This is largely because I'm not 100% sure Hot To Destroy Angels works, period. I've always found Maandig's voice to be too honeyed for the darker, industrial tones of Reznor's more-rhythmic songcrafting. "Strong Enough," granted, isn't the group's song, but it further reveals how out-of-water a sugar-malaise voice can be.
But some good news to this hater: Reznor won't only be working on a new HtDA album this year. He's writing for some new Nine Inch Nails action, too.
Taylor Swift, who brought up guest artist after guest artist during her recent tour, got to crash someone else's show last night: She joined The Civil Wars to perform “Safe and Sound,” their duet from “Hunger Games” on stage for the pair's sold-out show at Nashville's Ryman Auditorium.
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What is she wearing? That was the first question I thought when I watched the below excerpt from Madonna’s interview with “Good Morning America” that aired today.
Money can’t buy taste and the fake cheerleader outfit with silver fringe and "WE" necklace distracted me so much that I almost couldn't focus on what she was saying. The interview is largely a snore in which Cynthia McFadden tries to be titillating by asking if Madonna’s recent kiss with Nicki Minaj included tongue, but Madonna is really having none of it.
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It's well documented that Magnetic Fields' Stephin Merritt does the majority of his songwriting and brainstorming in gay dance clubs or piano bars. From the band's latest offering, it appears a drag club has been further added to the circuit.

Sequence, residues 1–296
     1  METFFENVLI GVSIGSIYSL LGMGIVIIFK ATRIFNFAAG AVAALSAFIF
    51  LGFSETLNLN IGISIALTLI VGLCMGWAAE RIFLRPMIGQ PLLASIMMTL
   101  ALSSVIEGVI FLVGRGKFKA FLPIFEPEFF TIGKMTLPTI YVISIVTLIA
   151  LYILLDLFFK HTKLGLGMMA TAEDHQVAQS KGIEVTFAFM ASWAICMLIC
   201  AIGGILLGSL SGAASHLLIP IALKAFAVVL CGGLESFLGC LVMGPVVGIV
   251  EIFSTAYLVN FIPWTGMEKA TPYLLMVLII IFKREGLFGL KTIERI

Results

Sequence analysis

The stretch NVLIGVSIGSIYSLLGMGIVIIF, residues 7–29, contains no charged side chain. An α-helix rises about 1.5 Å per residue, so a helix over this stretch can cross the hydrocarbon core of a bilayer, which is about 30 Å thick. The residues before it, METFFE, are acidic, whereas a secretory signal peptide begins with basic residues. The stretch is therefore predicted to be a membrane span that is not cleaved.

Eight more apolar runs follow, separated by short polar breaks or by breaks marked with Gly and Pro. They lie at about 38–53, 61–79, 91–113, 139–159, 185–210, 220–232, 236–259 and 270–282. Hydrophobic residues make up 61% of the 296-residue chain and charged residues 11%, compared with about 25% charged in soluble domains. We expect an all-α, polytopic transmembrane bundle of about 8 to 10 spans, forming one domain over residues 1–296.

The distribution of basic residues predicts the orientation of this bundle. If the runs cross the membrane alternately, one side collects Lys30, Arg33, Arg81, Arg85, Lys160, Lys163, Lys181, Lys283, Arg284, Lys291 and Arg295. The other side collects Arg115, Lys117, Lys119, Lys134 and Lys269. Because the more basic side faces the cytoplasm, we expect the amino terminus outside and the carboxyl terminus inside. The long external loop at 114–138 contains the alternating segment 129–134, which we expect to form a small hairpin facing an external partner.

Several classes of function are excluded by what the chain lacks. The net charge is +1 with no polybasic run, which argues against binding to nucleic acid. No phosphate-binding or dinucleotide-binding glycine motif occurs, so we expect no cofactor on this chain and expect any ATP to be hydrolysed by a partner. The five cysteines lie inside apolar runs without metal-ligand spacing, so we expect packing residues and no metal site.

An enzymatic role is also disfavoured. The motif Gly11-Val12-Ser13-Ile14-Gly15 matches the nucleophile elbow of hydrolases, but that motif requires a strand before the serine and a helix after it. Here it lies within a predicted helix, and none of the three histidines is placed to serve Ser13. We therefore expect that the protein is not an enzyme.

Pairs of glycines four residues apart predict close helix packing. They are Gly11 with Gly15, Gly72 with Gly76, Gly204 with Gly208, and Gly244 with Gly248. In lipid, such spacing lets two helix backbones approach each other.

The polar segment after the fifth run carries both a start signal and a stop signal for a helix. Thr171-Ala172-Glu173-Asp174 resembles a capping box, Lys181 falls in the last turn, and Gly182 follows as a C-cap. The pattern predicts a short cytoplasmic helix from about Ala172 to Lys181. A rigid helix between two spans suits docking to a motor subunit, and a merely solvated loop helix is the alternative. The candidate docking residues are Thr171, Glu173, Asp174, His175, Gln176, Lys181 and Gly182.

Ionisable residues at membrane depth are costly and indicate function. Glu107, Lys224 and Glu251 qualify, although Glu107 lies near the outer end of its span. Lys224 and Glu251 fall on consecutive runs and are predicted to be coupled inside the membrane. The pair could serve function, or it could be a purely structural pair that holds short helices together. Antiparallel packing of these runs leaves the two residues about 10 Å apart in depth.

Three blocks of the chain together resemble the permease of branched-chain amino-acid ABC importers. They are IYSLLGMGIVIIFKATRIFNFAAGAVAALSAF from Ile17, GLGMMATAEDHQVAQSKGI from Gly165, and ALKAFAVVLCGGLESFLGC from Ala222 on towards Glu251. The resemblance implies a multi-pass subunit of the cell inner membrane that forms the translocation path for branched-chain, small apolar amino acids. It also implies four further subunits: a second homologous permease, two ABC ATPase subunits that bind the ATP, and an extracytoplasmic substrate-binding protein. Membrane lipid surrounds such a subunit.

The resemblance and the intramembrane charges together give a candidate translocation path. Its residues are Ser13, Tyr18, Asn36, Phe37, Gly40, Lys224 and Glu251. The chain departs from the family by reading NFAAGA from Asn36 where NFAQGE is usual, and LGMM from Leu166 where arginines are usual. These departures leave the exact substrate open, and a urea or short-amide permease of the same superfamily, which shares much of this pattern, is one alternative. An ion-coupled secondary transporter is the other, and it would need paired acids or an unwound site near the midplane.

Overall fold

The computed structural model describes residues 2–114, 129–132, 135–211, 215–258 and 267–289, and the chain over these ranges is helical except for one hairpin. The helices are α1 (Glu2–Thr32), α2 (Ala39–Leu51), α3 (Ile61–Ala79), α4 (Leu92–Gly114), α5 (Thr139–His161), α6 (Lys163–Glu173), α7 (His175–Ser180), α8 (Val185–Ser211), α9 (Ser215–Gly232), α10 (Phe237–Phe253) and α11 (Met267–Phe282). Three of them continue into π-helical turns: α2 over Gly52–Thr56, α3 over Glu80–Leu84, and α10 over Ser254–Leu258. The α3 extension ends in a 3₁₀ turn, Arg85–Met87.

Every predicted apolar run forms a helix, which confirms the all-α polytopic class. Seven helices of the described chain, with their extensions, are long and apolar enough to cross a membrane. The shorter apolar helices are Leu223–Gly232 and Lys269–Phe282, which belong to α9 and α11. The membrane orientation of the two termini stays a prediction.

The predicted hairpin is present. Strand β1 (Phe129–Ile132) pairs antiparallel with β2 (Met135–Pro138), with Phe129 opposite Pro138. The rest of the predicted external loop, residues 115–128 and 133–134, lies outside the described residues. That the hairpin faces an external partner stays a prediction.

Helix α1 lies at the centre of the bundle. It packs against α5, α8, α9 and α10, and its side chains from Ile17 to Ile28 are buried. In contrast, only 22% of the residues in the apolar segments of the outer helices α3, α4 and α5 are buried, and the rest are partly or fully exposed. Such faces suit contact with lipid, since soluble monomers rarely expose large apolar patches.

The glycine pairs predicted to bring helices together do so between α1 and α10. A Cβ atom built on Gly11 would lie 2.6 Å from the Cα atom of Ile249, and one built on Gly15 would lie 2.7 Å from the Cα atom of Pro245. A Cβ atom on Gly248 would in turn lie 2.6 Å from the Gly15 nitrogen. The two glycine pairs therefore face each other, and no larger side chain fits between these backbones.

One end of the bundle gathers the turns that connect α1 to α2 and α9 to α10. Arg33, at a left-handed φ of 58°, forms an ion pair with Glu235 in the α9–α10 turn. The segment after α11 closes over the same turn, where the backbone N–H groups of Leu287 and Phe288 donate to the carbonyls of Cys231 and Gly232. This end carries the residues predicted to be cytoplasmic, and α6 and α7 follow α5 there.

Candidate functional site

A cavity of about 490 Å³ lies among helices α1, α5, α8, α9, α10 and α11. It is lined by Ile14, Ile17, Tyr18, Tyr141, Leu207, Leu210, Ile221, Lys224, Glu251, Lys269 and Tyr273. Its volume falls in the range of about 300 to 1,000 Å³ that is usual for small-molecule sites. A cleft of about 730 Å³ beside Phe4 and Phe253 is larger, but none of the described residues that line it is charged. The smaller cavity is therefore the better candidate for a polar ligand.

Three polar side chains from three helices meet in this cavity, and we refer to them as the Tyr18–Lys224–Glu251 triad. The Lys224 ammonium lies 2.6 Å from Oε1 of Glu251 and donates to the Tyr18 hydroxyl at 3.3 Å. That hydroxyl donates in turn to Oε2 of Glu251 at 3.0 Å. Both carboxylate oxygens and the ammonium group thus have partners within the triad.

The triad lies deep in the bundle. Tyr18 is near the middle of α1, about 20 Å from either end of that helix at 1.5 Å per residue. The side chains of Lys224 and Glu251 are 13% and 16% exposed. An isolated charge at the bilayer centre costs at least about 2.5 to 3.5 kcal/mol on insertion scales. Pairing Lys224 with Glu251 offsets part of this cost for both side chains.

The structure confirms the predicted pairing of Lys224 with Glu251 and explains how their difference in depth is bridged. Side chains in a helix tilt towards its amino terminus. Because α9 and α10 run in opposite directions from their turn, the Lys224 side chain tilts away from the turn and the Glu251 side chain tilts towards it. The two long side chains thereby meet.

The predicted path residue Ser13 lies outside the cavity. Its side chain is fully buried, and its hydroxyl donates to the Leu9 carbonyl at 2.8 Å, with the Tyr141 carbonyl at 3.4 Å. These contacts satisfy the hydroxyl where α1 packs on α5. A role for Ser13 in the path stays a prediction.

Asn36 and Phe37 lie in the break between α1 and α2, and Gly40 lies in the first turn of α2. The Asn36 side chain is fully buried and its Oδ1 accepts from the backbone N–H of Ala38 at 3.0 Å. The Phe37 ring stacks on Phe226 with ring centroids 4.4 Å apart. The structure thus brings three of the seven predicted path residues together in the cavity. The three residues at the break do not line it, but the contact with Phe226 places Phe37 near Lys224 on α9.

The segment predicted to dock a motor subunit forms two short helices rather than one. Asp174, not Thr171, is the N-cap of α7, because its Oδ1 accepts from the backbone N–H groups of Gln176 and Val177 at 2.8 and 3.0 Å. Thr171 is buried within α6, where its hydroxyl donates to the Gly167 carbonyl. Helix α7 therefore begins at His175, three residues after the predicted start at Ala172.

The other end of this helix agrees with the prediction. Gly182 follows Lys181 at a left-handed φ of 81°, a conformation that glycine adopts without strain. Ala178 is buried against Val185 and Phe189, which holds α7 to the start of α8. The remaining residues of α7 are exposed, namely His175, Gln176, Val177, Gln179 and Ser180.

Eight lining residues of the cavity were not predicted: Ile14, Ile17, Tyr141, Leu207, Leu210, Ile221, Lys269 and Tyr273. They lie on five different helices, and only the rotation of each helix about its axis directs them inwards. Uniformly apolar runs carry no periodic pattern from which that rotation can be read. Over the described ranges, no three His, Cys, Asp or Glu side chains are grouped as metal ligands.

"Andrew in Drag" is a funny, spirited sigh for Merritt, as he enjoys "the only girl I'll ever love." Again, he proves why he is one of the most refreshingly and rare overtly gay songwriters penning overtly gay songs, wielding his heartache as much as he does his humor and wit. This one is much more juvenile than, say, anthems like "100,000 Fireflies," with a playful use of the term "fag," a reference to a weiner dog and the misanthropic joy contemplating his ambiguous, sensual "misspent youth."
Welcome to Oscar Talk.
In case you're new to the site and/or the podcast, Oscar Talk is a weekly kudocast, your one-stop awards chat shop between yours truly and Anne Thompson of Thompson on Hollywood. The podcast is weekly, every Friday throughout the season, charting the ups and downs of contenders along the way. Plenty of things change en route to Oscar's stage and we're here to address it all as it unfolds.
It's been a busy week of announcements and awards shows leading into an even busier week of same as we barrel toward Sundance next week. Plus, ballots are due today (in a few hours, in fact). So let's see what's on the docket today...
As explained in my post last month, I'm breathless that the Dirty Three are prepping their first album in seven years. And, today, the trio has something to show from it.
"Rising Below" features the same attention to recording detail as their last "Cinder" did, with a close miking of the hollow kick drums, textures of the violin and the stoked, narrative guitar lines mumbling through the tubes. Drummer Jim White carries the thing as the mid-toned instruments go and have their own says, several takes and dubs eventually merging into a tension-filled series of ebbs. I'm hot for it, I want more.